Perfection And Performance Brings Big Rewards

Posted on August 2, 2011

As a pilot who flies a turbine engine airplane, I am required to attend annual recurrent flight training at an approved flight training center. This year I received my updates at the SimCom Training Center in Orlando, Florida. This is a three day session in which the airplane’s normal and emergency systems are reviewed in a classroom. Then piloting skills are put to the test in a simulator where in addition to testing normal instrument flying skills, the instructor throws every type of emergency imaginable at you to see if you can handle it. (I passed!)

Most of the pilots attending SimCom stay at a hotel that provides a nice hot breakfast each morning and boxed lunches to take to the training center, but we usually go out for dinner on our own in the evenings. On one of these outings, we went to a fantastic Italian restaurant called Buca di Beppo where I had a memorable experience I think would be of interest to readers.

A very unusual part of this visit occurred on our way to be seated. We were taken on a tour through the kitchen so we could see how our food would be prepared. Then we were led to a dining room section that contained seating for about 40 people where we were directed to a large booth that could easily seat six people. As you can imagine, after a hard day of training, we were ready for little refreshment and a good meal. When I turned to look for a server, Pat suddenly appeared from just behind my left shoulder.

Before I continue with this story, let me say that Pat, although attractive, was not a youngster working her way through school. She very efficiently took our drink orders, told us about a couple of specials and invited us to look over the menus while she got our drinks. Before she left, she made it a point to let us know that after bringing our drinks, she would leave us for another couple of minutes while she checked on her other tables, but would be ready to take our orders when she returned. I was amazed at the way she assured us of good service while tactfully letting us know she had other customers to serve as well.

I watched as she turned in our drink orders, and then methodically moved through the dining room checking to see if anyone at the other tables needed anything. Without back tracking or wasting a single step worked her way back to server’s station just in time to pick up our beverages. She arrived at our table with our drinks on her tray and a smile on her face. As she was placing the drinks on our table, she asked if we had dined at Buca di Beppo before. We told her we had not, so she proceeded to give us a brief but informative history of the place along with her assurance that it would be an experience to remember. Then she was off to make rounds to the other tables as she had told us she would do.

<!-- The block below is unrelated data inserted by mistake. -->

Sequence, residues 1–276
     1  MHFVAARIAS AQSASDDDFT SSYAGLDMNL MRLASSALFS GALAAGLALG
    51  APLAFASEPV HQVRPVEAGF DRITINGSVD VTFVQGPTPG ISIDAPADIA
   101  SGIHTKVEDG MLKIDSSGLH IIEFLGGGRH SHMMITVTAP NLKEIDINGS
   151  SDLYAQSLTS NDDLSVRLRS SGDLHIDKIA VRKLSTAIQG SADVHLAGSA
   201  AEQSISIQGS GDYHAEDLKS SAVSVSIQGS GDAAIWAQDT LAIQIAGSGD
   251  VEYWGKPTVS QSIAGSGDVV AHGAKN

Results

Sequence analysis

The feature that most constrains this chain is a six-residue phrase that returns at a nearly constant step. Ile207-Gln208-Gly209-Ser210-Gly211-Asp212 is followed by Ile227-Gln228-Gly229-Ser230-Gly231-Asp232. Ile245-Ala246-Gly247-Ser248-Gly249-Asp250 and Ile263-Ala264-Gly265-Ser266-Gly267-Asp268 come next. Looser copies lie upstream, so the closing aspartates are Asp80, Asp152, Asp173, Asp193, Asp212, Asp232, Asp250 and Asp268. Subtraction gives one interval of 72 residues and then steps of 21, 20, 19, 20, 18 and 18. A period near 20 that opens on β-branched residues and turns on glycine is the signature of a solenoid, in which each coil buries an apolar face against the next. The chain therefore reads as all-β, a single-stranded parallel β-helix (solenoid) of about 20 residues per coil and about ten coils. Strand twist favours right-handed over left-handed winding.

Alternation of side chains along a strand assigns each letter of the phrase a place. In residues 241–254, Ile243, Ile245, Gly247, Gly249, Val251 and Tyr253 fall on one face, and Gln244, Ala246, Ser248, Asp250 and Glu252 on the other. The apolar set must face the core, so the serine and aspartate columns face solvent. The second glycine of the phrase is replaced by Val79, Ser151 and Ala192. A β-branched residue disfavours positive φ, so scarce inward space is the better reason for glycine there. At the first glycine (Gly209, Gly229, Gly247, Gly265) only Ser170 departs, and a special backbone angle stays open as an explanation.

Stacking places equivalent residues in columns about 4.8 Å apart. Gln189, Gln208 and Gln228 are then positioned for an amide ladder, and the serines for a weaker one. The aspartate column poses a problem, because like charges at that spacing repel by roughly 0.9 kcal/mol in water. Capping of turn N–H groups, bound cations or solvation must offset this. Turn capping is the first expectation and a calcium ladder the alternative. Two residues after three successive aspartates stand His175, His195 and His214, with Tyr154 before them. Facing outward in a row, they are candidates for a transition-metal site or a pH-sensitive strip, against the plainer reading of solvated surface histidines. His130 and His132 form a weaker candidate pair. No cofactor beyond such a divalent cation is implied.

We looked at each other and I said, “Wow, that woman is good!” A conversation ensued about what it takes to be a great server and even though the evening was just beginning, we knew we had one. In the ten minutes or so that we had been seated, we hadn’t seen another server come in or out of the room. When she returned to take our order, I asked Pat how many other servers were helping her in the room. I told her that I hadn’t seen anyone but her since we sat down.

“Honey, I’m it,” she said. “This is my section and I take care of everyone.”
“How do you do it,” I asked, because in most restaurants there would be three to five servers handling that many tables.

“I’ve been doing this for years,” she replied. “I don’t need help from a bunch of these youngsters who make three trips to do what can easily be accomplished with one. They just get in my way. Please let me know if you find anything lacking in my service.” I knew immediately there wouldn’t be.

We watched Pat work the entire section without anyone, including us, having to flag her down or wait for service. She was like a finely tuned and well oiled machine as she anticipated every need and responded without having to be asked. There was no comparison between Pat’s service and the service I had received the evening before at another restaurant. When I left a tip that was about 50 percent of the price of the meal, Pat thanked me profusely and said, “I’ll bet you understand what T.I.P.S stands for, don’t you?” I said, “To Insure Proper Service,” and she just smiled and thanked us again for allowing her to serve us.

Here’s a tip! It doesn’t matter whether you’re building houses, working in a factory or waiting tables in a restaurant, if you strive for excellence and your performance delivers it, you will be rewarded. After watching her work the room, seeing her interact with customers and observing the pleasure they were receiving from her service, it wouldn’t surprise me if Pat makes more in T.I.P.S. than the restaurant manager makes in salary. She was a marvel to behold.

Here’s another tip! If you want a fine meal, the most awesome service you will ever get, and an opportunity to see what perfection and performance is all about, visit Buca di Beppo in Orlando, Florida and be sure to ask to be seated Pat’s section.

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